or designer Lisa Vogl, the decision to launch the Verona Collection, an apparel brand for Muslim women and other modest dressers, was simple.
“Muslim women are vibrant and edgy, and many women want their fashion sense to reflect that,” Vogl, herself Muslim, told Racked.
For far too long, fashion designers have ignored what Fast Company recently called a $254 billion market. And when they have tried to reach Muslim women, stereotypes have gotten in the way. In recent years, Burberry, Dolce & Gabbana, DKNY, Uniqlo, and Mango have debuted modest clothing lines to mixed reviews. “Modest” to Western designers has often meant shapeless and dull clothing that Muslim women have largely avoided. But Saudi Arabia’s first Arab Fashion Week, which took place in April, and Macy’s partnership with the Verona Collection, announced in February, is changing perceptions of modest fashion and the women who wear it.
“Prior to Verona, it was always difficult to find fashionable, affordable yet modest clothing,” says Vogl, who’s also shot fashion photography for magazines like Marie Claire.
Instead of baggy clothes with no personality, Verona features maxi shirt-dresses, cardigans and hand-dyed hijabs in various fabrics. Vogl says the collection allows women to express themselves. A single mother, she was able to team up with Macy’s by last year completing the retailer’s business development program for women and minorities; called The Workshop at Macy’s, the program began in 2011.
When the news broke February 1 that Macy’s would become the first mass retailer in the United States to sell hijabs, not everyone responded favorably. Islamophobes on Twitter blasted the department store for promoting the “Muslim Brotherhood’s agenda.” Many people, however, praised the retailer for being inclusive.
“We received such positive feedback that it more than outweighed the negative we received,” Vogl says. “We are only here to offer more clothing options in a market that lacks modest fashion apparel.”
Blue Meets Blue is another modest clothing line working to fill the void. In 2015, Chicago designer Shahd Alasaly launched the high-end and humanitarian brand, which employs refugees as garment workers. Fans of the brand include Muslims, Orthodox Jews, devout Christians, and unbelievers who simply prefer dressing modestly, Alasaly says.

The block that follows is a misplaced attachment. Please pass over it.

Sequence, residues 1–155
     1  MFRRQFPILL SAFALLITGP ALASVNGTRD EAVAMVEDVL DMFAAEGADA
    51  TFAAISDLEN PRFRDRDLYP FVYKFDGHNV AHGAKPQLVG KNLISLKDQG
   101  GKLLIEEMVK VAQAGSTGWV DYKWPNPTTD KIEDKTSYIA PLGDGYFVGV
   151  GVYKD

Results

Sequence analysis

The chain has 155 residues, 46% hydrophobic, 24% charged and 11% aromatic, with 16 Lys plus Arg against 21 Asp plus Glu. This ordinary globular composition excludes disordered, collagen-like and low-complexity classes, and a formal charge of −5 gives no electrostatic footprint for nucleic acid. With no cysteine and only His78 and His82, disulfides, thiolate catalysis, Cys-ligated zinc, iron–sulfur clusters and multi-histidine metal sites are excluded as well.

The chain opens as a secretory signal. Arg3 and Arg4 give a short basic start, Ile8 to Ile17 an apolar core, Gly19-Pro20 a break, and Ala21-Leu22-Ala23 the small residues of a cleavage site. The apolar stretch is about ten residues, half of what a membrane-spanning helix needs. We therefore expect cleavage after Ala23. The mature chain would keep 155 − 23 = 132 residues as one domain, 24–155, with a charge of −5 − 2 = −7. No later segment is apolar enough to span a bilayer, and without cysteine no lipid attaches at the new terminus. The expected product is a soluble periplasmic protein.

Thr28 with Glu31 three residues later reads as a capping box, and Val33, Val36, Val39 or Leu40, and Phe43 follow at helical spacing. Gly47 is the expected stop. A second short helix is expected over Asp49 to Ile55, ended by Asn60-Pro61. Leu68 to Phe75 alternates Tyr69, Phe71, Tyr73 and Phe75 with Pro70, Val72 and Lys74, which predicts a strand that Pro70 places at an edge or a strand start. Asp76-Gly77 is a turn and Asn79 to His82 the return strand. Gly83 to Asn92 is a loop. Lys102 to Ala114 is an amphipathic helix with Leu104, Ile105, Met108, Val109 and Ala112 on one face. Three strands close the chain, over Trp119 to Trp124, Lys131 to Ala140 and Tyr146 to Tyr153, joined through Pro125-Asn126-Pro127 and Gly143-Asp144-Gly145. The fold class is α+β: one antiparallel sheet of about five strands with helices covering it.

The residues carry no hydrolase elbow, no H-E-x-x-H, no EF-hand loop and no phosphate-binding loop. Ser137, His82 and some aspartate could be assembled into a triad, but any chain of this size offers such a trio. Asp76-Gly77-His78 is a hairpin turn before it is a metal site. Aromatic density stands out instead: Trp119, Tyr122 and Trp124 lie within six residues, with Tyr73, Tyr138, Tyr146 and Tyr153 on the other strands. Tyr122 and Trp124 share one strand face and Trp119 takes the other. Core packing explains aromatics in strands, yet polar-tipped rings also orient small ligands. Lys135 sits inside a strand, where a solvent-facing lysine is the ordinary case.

Blue Meets Blue’s bestsellers include its Dania pants — “part tuxedo pant, part waterfall skirt” — and peplum jacket. Satin, tulle, and chiffon are among the luxurious fabrics featured. The brand draws inspiration from old school glamour, according to Alasaly.
“The idea that modest clothing is very fashion backwards, loose and baggy, is a total misconception,” she says. “We are very much classic, edgy, and fashion forward.”
Sarwat Husain, a Muslim woman who describes herself as a “fashion-minded” shopper, welcomes the opportunity to have another place to buy hijabs and modest clothing. She lives in San Antonio, Texas, where she serves as president of the local chapter of the Council on American-Islamic Relations. She says that she’s often resorted to ordering clothing online from countries like England to find appropriate attire.
“I’m from Pakistan,” she says. “We always had more options over there.”
At one point, Husain made her own clothes or purchased clothes from stores that she later altered.
“In the US, there’s not enough options,” she says. Macy’s selling modest clothing is a step in the right direction, but it’s hardly good enough, she adds. She’s especially felt insulted that some high-end designers have released modest collections featuring mostly baggy garments in drab colors.
“We will not buy [just] anything,” Husain says. “We dress modestly, but we’re not going to buy anything that’s not decent-looking. It doesn’t have to be black and loose and look like a tent. It’s a sense of fashion.”